Sunday, October 31, 2010

Sindisiwe... and far too much laughter.

So remember when my friend Mandie took pictures of me in Lincoln Park and I wrote about it - about beauty, its experience, living into it, allowing it to radiate out of you like sunlight? Here is a taste of what (I hope) that looks like. Her art, my smile... Mandie, it is art. It is beauty. Thank you.

Some more of the photos can be found on Mandie's blog, Sindisiwe Photography. And not just the ones from our afternoon - just look at them all, because they are exquisitely made. She has quite a way of capturing people, details... her vision of the world is wonderful.


Saturday, October 30, 2010

I Have How Many Weeks Left? (Or, Why I Found Myself Wanting to Cry as I Walked Home from Eastern Market)

I was walking back from the hubbub of Eastern Market this morning with my friend Mandie, reveling in the fall colors and the 50 degree sunshine my New England body has been craving for the whole month of October, and it hit me suddenly: my time in DC is almost over. I arrived here in August with a midge on the airplane, and my fears tucked safely in my pockets. I arrived thinking that 14 weeks would be unimaginably long. I arrived without ever having lived in a city, full of excitement and trepidation...

And here I am, 8 weeks in, realizing that I love living in this city. Eastern Market was bustling today, people in their fuzzy scarves and hats, clutching cups of warm cider from Port City Java or tea from Peregrine Espresso, taste testing Asian pears and honeycrisp apples. When I turned around, there were little booths of handmade rose gold earrings, hand-roasted coffee, scarves and headbands, lining the street like the marché in Aix-en-Provençe. I sat in the corner of Port City Java, highlighter in hand, my skinny grey jeans and converse sneakers tucked under my chair, watching as a 40 year old woman in a pink leotard and bunny ears ordered a double tall skim cappuccino, as a random group of people dressed as pirates wandered through the food stalls, and as a group of girls shared scones and muffins.

I love walking on the cobbled brick of 8th St and feeling the wind on my face. And as I walked back, I felt like crying, because I am not at all sure how I will deal with the lack of Washington, DC in my life when December 11 arrives. Will I be lost in the suburbs of the North Shore? Will I feel at home anymore in my old red colonial house, or will I have come home only to be a stranger in two places instead of one?

Why do we travel? It complicates everything. I keep discovering places that feel like home: the wild moors of Devon, England, the bright lavenders and poppies of southern France, the Musée d'Orsay and the café near Notre Dame where Tatiana and I first discovered our love of café au lait, the sweet tea and po' boys of New Orleans, the Jubliee Center in downtown Montgomery... there are too many places to name, but my journey here has exacerbated this tendency to find "home" in the least expected cities.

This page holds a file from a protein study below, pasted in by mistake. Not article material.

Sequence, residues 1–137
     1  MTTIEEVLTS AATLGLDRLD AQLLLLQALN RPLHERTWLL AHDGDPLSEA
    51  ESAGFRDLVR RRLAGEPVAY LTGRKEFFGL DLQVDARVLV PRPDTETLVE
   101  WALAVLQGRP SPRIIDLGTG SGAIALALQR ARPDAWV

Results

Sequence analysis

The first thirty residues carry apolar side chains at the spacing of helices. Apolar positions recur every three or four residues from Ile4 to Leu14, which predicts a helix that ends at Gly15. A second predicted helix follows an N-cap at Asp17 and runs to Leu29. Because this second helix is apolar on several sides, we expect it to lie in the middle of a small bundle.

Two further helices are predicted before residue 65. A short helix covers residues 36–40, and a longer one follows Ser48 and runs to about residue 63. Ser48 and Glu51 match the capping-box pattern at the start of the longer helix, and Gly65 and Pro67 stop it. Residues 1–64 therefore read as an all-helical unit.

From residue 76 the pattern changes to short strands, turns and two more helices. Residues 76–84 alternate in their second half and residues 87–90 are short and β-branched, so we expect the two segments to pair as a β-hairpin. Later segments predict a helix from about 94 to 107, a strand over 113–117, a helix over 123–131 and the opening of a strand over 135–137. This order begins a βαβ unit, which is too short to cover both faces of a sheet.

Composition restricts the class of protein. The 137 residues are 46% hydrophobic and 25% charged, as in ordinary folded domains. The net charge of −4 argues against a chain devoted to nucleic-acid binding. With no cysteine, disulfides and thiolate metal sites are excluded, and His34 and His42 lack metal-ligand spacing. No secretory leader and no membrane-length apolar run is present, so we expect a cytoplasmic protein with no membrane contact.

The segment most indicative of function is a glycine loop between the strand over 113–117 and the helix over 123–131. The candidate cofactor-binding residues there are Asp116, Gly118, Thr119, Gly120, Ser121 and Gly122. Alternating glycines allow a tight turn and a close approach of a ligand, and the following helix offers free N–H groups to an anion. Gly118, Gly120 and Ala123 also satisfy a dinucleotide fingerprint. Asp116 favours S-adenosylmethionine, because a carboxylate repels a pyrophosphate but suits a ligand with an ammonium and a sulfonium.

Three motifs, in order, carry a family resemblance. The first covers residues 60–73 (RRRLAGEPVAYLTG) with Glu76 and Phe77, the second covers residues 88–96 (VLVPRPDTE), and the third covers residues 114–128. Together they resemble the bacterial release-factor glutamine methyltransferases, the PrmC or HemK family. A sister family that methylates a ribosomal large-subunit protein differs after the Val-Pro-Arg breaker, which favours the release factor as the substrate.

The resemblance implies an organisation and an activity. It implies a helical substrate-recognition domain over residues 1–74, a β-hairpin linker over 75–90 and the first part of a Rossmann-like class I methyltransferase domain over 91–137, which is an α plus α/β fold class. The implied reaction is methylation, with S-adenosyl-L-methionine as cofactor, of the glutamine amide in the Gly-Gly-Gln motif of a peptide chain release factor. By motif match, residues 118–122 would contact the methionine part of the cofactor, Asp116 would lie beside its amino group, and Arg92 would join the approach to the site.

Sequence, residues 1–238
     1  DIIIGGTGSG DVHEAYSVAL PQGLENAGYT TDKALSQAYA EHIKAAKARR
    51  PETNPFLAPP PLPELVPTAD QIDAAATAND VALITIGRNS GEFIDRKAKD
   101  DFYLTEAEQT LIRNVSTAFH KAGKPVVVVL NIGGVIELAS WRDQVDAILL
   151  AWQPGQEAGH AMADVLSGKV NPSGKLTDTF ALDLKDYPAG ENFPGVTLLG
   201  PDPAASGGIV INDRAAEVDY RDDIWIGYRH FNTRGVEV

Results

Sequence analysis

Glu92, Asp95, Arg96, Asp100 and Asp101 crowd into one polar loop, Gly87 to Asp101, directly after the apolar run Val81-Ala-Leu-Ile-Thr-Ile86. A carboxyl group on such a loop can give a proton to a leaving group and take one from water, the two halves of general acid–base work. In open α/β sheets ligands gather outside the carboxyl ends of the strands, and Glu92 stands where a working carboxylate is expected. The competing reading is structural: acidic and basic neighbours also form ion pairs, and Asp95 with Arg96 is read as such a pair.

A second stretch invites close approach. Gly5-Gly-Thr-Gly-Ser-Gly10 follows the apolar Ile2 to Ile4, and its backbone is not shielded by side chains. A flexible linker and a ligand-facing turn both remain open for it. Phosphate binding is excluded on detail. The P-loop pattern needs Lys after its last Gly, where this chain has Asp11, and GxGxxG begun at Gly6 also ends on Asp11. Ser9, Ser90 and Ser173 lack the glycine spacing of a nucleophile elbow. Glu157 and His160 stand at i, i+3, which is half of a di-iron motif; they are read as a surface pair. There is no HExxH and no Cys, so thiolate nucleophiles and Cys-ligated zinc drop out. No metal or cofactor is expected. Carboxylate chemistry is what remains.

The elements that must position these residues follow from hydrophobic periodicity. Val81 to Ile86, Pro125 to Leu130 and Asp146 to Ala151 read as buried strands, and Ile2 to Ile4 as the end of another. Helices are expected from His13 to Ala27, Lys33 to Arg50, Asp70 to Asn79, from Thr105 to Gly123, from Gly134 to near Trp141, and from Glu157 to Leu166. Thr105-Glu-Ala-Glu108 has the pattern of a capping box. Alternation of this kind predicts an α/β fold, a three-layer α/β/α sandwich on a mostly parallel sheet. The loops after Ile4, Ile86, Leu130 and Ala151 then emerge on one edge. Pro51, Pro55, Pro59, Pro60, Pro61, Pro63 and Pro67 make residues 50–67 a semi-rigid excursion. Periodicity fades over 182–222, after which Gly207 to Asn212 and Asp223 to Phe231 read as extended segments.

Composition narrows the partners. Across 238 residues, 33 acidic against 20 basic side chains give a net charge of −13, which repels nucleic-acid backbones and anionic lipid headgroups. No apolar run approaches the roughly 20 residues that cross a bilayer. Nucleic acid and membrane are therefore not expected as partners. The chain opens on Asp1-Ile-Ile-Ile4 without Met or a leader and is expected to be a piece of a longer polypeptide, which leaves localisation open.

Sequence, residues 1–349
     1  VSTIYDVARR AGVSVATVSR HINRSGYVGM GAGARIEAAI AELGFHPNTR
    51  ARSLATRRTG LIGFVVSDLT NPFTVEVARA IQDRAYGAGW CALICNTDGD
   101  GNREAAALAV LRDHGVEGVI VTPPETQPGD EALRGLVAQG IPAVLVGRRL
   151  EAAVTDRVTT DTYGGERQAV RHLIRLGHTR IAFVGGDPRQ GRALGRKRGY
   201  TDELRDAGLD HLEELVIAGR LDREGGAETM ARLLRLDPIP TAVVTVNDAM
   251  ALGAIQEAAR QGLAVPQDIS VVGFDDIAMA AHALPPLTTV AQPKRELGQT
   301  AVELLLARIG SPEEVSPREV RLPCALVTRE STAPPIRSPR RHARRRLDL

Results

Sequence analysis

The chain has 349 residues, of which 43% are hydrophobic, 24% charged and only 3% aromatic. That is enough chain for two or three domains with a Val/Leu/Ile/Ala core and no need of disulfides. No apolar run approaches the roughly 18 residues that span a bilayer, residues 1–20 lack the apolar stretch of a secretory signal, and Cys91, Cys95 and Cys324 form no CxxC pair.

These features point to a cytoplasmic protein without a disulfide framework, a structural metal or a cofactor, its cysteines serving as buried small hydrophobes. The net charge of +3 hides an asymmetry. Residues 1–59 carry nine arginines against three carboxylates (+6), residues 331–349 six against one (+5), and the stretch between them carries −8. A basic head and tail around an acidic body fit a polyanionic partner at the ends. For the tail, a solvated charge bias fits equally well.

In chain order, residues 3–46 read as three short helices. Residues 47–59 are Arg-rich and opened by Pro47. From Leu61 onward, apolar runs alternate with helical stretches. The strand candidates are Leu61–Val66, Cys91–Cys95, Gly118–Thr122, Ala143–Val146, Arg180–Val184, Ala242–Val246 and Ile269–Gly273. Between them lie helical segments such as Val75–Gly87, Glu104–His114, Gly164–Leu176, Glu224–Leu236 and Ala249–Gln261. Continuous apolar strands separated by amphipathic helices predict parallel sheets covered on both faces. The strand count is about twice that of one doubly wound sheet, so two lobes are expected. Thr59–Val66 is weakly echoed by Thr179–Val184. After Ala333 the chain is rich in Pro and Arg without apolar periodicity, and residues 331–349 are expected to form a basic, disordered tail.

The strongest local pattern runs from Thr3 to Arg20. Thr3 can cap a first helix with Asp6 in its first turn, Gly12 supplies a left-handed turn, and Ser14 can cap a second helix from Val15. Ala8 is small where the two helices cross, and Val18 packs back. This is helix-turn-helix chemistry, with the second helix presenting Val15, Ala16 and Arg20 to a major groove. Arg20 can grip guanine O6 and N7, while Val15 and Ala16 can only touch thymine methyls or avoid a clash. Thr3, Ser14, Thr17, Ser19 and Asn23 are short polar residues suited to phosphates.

I have always thought of myself as a rooted person. You know the old debates about roots versus wings? Are you a grounded person or a free spirit? Do you want to fly free or be anchored to earth? And to those questions I've always answered "Roots; grounded; being anchored." And I thought that it meant I knew that home was home, and away was away, and when I went away I would always be glad to come home.

But being here has changed my definition of home. I no longer think of it as my red colonial house on Wethersfield St; I no longer think of it as my small college or my beloved high school or even the North Shore of Massachusetts. Home is now also 8th St, the D6 bus, Union Station, Port City Java, the Starbucks on 16th and K, the Busboys & Poets on 14th and V, the Anthropologie I can't afford in Georgetown, the view of the Lincoln, the National Gallery of Art... home is in all these things, is all these things. I don't know when it happened, or how, but I know that I will be homesick for Washington when I leave.

Maybe we travel to know what we love in the place we left behind us. Maybe we travel because God has made a big wide world and wants us to enjoy it. Maybe we travel because it helps us find echoes of ourselves in unexpected places. I hope that I continue to travel for all these reasons, but most importantly I hope I continue to travel to change the meaning of home. I hope that I keep my roots, but that they begin to grow out beneath me to encompass the many places I have felt at home. I want to be at home in many places. Maybe lamenting at the prospect of leaving DC in a scant six weeks is the place to begin.

Thank you for traveling with me, readers. It has been wonderful to share this journey with you.


Wednesday, October 27, 2010

A Fight with my Umbrella: Some Musings on Stress and the Art of Winking

You might have read this blog title and thought, "I know Hilary likes to combine unlikely things together and draw artsy conclusions, but what in the world do stress and umbrellas have to do with winking? And why in the world was Hilary fighting with her umbrella? It's an inanimate object!